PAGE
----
Daily Archives: Feb. 8, 2011

Kobach featured as House takes up bill to ban resident tuition for undocumented students

TOPEKA — Secretary of State Kris Kobach told a House committee today that letting undocumented students attend Kansas colleges on in-state tuition does them a disservice because they can’t legally stay and work after they graduate — and staying too long pushes them back 10 years from legal residency.

But in the audience at the hearing were two young women who did exactly what Kobach said they couldn’t do. Both graduated from state universities and became legal, working residents of the United States and Kansas.

The hearing at the Federal and State Affairs committee was on House Bill 2006. It would repeal a 2004 law that allows undocumented students to qualify for resident tuition to attend state universities, community colleges and trade schools, if they attended high school in Kansas for three years and earned a diploma or GED.

Today’s portion of the hearing was for repeal proponents to make their case. Wednesday, opponents will get their chance to argue against the change.

Read More »

Kansas House votes to cut spending on schools, pay for top officials

The Kansas House voted to reduce state spending on schools this school year and cut the pay of top state workers Tuesday.

The move would eliminate a deficit of $50 million in the current year budget and give lawmakers $37 million in surplus funds to begin addressing next year’s $500 million deficit. The proposal, HB 2014, now moves to the Senate, which is already working on its own version of the bill.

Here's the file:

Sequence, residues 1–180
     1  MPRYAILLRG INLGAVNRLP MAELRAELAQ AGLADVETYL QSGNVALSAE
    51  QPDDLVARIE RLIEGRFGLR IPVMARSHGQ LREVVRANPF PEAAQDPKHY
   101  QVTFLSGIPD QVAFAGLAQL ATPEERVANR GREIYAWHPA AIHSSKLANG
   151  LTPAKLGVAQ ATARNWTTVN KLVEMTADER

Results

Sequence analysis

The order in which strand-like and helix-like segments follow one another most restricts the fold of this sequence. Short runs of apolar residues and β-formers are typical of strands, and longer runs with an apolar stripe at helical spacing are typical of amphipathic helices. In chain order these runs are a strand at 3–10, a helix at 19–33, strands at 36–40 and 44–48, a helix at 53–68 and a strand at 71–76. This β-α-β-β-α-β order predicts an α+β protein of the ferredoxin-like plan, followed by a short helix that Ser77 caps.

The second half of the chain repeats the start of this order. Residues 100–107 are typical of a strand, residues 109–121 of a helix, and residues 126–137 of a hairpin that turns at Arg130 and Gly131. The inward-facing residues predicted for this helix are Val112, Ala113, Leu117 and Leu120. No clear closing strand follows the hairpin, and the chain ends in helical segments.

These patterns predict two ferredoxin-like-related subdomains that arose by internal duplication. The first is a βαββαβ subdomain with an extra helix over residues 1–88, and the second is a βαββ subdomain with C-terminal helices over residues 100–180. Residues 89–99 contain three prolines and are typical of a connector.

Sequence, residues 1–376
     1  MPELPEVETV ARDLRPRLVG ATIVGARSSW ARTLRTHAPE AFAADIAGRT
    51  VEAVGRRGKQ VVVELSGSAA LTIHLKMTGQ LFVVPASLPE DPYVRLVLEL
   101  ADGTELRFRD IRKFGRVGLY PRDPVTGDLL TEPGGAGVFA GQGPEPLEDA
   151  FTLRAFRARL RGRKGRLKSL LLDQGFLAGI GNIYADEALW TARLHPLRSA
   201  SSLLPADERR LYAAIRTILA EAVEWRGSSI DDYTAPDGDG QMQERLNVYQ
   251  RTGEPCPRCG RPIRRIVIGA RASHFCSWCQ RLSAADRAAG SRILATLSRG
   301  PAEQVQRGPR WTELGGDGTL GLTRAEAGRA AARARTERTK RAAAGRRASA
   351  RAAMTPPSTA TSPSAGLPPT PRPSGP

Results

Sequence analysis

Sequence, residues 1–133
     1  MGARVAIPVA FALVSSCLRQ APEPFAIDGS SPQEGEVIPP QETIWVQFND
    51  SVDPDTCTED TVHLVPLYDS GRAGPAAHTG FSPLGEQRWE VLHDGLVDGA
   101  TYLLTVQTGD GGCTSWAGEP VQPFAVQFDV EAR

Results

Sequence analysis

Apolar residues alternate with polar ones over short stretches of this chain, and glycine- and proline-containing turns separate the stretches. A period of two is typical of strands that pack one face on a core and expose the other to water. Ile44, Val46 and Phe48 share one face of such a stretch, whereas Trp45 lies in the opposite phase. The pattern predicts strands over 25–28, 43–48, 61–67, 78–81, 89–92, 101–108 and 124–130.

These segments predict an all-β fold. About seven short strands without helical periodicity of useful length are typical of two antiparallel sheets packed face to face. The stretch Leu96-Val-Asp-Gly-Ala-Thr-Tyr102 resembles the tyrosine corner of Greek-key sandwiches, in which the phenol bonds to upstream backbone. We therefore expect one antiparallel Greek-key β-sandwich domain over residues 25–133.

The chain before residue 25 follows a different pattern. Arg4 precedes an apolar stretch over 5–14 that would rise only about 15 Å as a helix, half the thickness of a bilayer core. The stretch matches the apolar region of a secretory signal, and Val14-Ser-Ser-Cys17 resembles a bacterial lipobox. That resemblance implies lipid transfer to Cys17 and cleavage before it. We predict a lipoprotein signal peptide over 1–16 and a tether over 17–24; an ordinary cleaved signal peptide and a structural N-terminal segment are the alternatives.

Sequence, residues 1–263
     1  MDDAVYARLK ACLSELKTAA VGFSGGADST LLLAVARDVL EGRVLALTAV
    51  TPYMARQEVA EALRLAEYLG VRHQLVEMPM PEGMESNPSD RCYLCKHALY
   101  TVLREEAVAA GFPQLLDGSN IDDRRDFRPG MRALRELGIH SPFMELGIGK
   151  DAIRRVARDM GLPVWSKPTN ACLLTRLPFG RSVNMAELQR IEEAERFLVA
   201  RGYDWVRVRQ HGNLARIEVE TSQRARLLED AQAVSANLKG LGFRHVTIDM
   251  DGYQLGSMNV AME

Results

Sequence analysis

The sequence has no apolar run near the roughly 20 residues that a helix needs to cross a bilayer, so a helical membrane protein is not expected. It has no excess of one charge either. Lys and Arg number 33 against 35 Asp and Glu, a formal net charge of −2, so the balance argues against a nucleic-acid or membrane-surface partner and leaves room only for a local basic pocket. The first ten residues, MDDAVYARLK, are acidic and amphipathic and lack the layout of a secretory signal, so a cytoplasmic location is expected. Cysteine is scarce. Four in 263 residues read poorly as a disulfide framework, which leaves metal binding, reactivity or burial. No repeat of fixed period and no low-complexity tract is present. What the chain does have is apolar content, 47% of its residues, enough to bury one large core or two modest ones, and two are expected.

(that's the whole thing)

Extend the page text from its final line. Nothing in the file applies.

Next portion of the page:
Lawmakers called the bill a spending freeze, though it would actually cut funds for schools by $75 per pupil this school year.

It would also cut the pay of top state workers by 7.5 percent for the rest of the fiscal year, which ends June 30. The governor, other elected officials, lawmakers, judges and any employee earning more than $100,000 per year would be affected.

Democrats tried to add funds back in for special education but were stymied by the Republican majority. The final vote on the bill was 81-40, with Democrats and a few Republicans voting no.

Supporters of the cuts argued the state has no alternative but rein in spending after years of declining state revenues.

“We are simply at a point where the chickens have come home to roost,” said Rep. Kasha Kelley, an Arkansas City Republican. “It is not pleasant… no one wants to cut any salaries. We need to right the ship. It is our obligation.”

Commissioners discuss budget direction for next few years

Sedgwick County commissioners are meeting this morning to discuss the county’s financial plan through 2016.

Spending and revenue are out of whack, county leaders say. Earlier, management set August 2012 as the deadline for “bending the curve,” or changing the way the county operates.

Commissioner Richard Ranzau said he wants to see the county reduce its deficit this year and not wait until next year to make changes.

Budget director David Miller told commissioners that “even with sizable growth, we’re still looking at serious fund balance deficits.”

Commissioners are discussing their spending priorities during a half-day retreat.

County manager William Buchanan stressed that although the county needs to take action to reverse the financial picture, it has time to do so in a thoughtful way.

“We need not panic,” Buchanan said.